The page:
# Sunday, 28 October 2007

After a long run-up, friend, colleague, and partner at Vertica, Troels Riisbrich, is now online with his new blog, riisbrich.dk. Troels is leading the BPI team at Vertica, and if it has to do with BizTalk Server, Troels knows it. He’s the architectural master mind of several of the bigger BizTalk solutions at Vertica, and always an inspiring teammate to discuss both overall designs as well as small technical subtleties with.

This coming week Troels is attending the Microsoft SOA & Business Process Conference on the Microsoft campus in Redmond, and hopefully we will be able to follow his adventures on the blog. Other than that he will be blogging about BizTalk as well as everything else that gets him excited.

Sunday, 28 October 2007 16:24:52 (GMT Standard Time, UTC+00:00)  #    Disclaimer  |   |  Trackback
# Wednesday, 24 October 2007

At Vertica it has been a tradition to, approximately once a year, go on a company outing. This trip is used as team building, but also to discuss issues related to our work. We talk about the past year as well as the directions for the coming year. Though the CEO do go through the past years financial results, results is not limited to finances.

We also take the opportunity to catch up on all the things that has happened the past year. A company is (or at least should be) going through a constant evolution. During your everyday work there might be a tendency to forget some of all the achievements being attained. Though everyone does their best to remember to appreciate ones colleagues, when they have outdone themselves once again, an extra opportunity to look at each other and say “Damn, we are good!” is always welcome.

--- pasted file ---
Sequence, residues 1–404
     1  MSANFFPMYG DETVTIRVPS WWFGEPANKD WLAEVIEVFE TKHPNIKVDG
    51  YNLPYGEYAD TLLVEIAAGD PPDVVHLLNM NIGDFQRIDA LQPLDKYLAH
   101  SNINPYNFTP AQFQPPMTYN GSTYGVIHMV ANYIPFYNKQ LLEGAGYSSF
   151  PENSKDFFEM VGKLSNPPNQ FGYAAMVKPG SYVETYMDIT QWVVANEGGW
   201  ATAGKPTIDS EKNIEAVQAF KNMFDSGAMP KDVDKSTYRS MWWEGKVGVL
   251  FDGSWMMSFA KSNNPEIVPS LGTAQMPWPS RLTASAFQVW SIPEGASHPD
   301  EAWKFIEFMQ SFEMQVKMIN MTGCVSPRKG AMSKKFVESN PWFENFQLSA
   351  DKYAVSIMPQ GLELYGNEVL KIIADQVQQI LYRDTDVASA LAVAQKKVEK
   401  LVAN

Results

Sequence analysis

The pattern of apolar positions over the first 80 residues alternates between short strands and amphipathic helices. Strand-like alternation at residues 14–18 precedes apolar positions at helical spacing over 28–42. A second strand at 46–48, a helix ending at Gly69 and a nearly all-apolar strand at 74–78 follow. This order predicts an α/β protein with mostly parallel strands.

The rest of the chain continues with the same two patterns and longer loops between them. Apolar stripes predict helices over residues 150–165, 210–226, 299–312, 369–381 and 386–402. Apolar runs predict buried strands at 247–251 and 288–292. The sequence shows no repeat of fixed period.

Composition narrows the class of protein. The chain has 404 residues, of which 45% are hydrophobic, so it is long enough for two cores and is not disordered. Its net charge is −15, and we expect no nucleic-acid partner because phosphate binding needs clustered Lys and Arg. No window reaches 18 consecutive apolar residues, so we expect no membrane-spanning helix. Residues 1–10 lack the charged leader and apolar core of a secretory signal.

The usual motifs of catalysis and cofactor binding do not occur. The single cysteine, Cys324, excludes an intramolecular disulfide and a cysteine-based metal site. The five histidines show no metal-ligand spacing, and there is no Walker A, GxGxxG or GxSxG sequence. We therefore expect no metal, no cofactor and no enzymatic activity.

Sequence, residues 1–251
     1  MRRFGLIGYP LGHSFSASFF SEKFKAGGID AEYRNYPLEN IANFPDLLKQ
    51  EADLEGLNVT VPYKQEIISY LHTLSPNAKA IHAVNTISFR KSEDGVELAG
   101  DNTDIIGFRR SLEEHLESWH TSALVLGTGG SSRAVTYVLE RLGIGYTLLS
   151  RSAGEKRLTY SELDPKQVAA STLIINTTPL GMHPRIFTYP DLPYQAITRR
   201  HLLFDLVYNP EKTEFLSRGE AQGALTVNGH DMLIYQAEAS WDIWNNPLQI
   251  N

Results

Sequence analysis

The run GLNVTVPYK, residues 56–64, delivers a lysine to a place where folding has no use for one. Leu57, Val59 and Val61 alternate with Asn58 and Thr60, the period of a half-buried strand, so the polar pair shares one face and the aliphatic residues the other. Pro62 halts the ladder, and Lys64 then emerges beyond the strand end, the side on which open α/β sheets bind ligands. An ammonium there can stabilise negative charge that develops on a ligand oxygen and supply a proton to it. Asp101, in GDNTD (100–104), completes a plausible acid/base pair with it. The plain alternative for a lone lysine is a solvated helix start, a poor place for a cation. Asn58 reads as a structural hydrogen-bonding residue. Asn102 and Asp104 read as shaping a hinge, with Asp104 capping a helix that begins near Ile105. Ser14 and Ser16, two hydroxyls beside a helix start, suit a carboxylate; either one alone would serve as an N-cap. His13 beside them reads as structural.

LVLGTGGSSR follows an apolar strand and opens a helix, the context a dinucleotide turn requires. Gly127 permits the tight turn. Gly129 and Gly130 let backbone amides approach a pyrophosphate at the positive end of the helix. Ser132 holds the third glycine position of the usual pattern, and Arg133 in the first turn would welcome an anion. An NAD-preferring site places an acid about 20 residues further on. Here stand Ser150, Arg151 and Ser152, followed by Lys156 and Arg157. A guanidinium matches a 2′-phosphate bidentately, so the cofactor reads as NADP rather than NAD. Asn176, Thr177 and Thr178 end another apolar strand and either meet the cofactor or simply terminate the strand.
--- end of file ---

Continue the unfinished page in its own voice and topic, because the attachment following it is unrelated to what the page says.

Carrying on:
This year we also had presentations from sales as well as a Project Manager. As a consultant it is always interesting to hear what is going on in the sales department. Sales people and consultants can have a strained relationship, but a lot of it also has to do with being prejudged. As is always the case with prejudices, conversation and information are the best way to overcome them. Changes are that you might even learn something from it.

As I believe is the case for pretty much all other (IT) companies, we are also continuously working on improving our process model at Vertica. Therefore we also had a Project Manager do a presentation on the latest development with this work.

Obviously we also had time for some more social related activities such as an Edinburgh city tour, a ghost walk, and a 4x4 Jeep safari in the highlands. We even went to a typical Scottish night out with dancers, back pipe players, and of course the mandatory haggis. Interestingly enough, apparently it is only tourists that do the typical Scottish night out. At least all the Scottish people were somewhere else. Nonetheless we had a good time :o)

The whole trip was thoroughly documented by camera, and if interested you can see some of the photos in the Scotland 2007 photo gallery.

Wednesday, 24 October 2007 16:15:39 (GMT Daylight Time, UTC+01:00)  #    Disclaimer  |   |  Trackback
# Thursday, 18 October 2007

A few of weeks ago I got back from my summer vacation. For the first time ever I have been in South America - and it was certainly not the last time. With backpacks my girlfriend and I travelled around Ecuador for three weeks.

The diversity of the country is simply amazing, and that goes for pretty much everything: people, culture, climate, and nature. Truely a fantastic place. And we didn’t even do the Galapagos Islands. Not because we didn’t want to, but because it would have added another week to the trip as well as set us back another couple of grand per person. At some point you have to stop – and it’s also a great reason to come back :o)